The Russian-Ukrainian Conflict. Tradition and Prospects
In 2004 the "Orange Revolution" put Ukraine back on Europe's mental map and the new government made entry into the EU a priority. But imperial-era preconceptions still influence foreign attitudes towards Ukraine and in Ukraine political independence from Russia is not matched by economic, cultural and psychological independence. Ukraine's pro-EU leaders not only face entrenched political rivals who maintain the institutional infrastructure of Russian language-use and promote pro-Russian nostalgia for the soviet past, they must deal with foreign business people whose activities keep Ukraine in the Russian-language communications sphere and politicians afraid of "fragmenting Russia". This book surveys the Ukrainian-EU relationship in light of the legacies of Russian rule. Its authors review and examine not only existing policies but also the long-term underlying interrelationships between national identities, loyalties, political/cultural orientations and political trends.
This article deals with the state of cooperation between Russia and Ukraine in the sphere of environmental protection and economic development from the international legal aspect. The necessity of development and improvement of international legal regulation in the mentioned above sphere is in the focus of the author’s argumentation
Cultural and political implications of the first post-soviet lustrum since the collapse of the Soviet Union. Self-representation of politicians in the era of Boris Yeltsin.
High energy resource dependence of Ukraine's economy on gas imported from Russia is caused above all by the fact that while the Ukrainian industry is largely dependent on the Russian fuel there are no alternatives for Ukraine to diversify its import in the medium term. Key Ukrainian industries (the ore-metallurgical complex and the chemical industry) are too much dependent on the Russian gas.
New political, social and cultural reality in the first five years since the collapse of the Soviet Union.
The article contains a one-year forecast for developing of Russian cross-border cooperation policy and practice. The author shares her expectations about the inter-regional relations in Russian-European and Russian-Post-Soviet directions. Such an important idea as a definition of the fundamental reason for current speed and quality of cross-border cooperation in Russia is advanced for the discussion of scientific community.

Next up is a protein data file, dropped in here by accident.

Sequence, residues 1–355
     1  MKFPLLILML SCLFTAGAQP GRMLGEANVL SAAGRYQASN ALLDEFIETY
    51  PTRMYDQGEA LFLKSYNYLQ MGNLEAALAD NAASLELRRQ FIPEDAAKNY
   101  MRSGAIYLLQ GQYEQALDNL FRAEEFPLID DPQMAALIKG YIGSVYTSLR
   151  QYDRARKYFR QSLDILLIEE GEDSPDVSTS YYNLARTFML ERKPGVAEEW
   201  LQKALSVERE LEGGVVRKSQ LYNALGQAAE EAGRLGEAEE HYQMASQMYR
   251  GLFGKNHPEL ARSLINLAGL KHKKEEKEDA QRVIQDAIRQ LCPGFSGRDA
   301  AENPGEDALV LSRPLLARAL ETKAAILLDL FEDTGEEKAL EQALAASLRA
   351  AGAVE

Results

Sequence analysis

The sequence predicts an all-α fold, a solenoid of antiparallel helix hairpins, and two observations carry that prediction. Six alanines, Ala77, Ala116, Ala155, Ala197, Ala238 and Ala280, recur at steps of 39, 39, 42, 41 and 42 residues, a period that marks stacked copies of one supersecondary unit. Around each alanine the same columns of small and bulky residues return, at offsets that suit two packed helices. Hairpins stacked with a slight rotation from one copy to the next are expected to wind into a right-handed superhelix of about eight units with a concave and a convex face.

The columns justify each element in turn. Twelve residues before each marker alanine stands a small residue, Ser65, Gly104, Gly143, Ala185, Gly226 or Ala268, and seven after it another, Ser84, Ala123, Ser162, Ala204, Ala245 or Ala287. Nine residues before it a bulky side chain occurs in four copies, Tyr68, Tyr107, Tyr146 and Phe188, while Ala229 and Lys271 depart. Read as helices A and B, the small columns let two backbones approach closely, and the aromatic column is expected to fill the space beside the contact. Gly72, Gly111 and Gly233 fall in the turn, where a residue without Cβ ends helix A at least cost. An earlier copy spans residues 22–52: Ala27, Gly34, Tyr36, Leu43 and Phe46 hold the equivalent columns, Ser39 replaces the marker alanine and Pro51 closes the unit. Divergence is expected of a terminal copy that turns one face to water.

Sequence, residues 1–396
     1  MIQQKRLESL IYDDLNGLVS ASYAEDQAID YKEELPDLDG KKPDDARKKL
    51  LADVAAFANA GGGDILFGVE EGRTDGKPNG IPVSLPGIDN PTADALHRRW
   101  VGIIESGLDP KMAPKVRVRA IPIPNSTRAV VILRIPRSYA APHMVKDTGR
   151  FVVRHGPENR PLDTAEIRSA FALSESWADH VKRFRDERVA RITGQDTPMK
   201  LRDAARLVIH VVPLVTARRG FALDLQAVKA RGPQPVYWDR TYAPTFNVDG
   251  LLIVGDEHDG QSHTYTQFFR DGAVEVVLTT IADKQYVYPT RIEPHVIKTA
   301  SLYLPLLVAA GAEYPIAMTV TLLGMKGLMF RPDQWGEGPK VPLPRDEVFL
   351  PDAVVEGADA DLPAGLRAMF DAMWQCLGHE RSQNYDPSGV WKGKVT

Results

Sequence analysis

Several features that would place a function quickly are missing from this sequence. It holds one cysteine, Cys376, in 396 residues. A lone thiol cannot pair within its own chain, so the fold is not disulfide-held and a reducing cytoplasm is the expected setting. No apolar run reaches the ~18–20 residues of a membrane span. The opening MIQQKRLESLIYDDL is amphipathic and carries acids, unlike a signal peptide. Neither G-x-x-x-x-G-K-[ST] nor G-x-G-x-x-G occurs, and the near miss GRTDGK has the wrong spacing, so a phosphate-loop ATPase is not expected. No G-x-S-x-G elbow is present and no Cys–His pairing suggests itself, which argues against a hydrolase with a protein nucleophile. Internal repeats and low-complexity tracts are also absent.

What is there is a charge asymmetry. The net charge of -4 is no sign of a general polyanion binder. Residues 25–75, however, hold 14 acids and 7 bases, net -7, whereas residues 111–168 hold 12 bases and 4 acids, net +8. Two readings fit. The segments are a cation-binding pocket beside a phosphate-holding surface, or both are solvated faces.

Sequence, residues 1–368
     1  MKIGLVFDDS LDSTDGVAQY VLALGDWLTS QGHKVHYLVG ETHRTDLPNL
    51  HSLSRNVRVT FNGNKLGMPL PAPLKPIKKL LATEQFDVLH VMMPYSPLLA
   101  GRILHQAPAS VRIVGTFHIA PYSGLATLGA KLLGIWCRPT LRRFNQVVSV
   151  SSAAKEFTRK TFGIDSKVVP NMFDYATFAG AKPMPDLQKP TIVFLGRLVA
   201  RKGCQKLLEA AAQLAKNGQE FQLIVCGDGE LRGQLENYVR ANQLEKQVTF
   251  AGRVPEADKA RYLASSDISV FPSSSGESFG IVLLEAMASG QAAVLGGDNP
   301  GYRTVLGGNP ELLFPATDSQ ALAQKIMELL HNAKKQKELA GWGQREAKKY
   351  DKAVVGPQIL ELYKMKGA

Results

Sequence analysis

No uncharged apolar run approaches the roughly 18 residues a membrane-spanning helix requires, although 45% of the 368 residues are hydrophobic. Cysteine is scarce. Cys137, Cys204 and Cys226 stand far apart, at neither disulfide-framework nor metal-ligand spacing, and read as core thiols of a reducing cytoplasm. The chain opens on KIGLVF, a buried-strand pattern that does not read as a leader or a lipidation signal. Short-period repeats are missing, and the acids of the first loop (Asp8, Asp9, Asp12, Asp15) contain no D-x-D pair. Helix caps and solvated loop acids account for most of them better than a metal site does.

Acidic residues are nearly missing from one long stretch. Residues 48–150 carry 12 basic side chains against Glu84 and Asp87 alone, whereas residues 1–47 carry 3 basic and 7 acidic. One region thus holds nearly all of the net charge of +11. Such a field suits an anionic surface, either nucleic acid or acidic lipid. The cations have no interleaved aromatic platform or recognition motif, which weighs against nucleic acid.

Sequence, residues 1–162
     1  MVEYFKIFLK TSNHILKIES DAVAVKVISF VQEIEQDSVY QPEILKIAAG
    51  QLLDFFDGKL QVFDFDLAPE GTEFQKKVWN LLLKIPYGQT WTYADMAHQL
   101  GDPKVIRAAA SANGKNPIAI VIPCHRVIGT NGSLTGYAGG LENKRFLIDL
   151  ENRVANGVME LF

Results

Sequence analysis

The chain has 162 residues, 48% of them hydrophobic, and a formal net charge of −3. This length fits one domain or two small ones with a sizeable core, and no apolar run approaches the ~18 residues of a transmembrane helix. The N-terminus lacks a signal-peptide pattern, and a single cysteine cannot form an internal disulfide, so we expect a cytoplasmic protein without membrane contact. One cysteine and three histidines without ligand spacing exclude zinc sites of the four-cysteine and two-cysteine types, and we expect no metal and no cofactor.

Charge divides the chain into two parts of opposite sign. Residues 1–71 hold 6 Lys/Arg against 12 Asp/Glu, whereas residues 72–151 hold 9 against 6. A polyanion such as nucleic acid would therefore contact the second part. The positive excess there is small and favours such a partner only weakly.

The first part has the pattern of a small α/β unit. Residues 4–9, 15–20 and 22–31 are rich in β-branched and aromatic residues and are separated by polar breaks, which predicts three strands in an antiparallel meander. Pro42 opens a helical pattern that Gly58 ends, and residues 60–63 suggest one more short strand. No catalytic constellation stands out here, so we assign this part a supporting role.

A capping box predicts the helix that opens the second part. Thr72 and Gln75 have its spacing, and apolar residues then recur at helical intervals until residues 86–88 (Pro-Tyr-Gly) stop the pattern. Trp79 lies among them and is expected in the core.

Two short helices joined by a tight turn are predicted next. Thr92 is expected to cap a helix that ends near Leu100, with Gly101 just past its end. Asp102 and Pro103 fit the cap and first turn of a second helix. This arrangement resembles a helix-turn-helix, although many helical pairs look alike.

This special publication for the 2012 New Delhi Summit is a collection of articles by government officials from BRICS countries, representatives of international organizations, businessmen and leading researchers.
The list of Russian contributors includes Sergei Lavrov, Foreign Minister of Russia, Maxim Medvedkov, Director of the Trade Negotiations Department of the Russian Ministry of Economic Development, Vladimir Dmitriev, Vnesheconombank Chairman, Alexander Bedritsky, advisor to the Russian President, VadimLukov, Ambassador-at-large of the Russian Foreign Affairs Ministry, and representatives of the academic community.
The publication also features articles by the President of Kazakhstan NursultanNazarbayev and internationally respected economist Jim O’Neil, who coined the term “BRIC”. In his article Jim O’Neil speculates about the future of the BRICS countries and the institution as a whole.
The publication addresses important issues of the global agenda, the priorities of BRICS and the Indian Presidency, the policies and competitive advantages of the participants, as well as BRICS institutionalization, enhancing efficiency and accountability of the forum.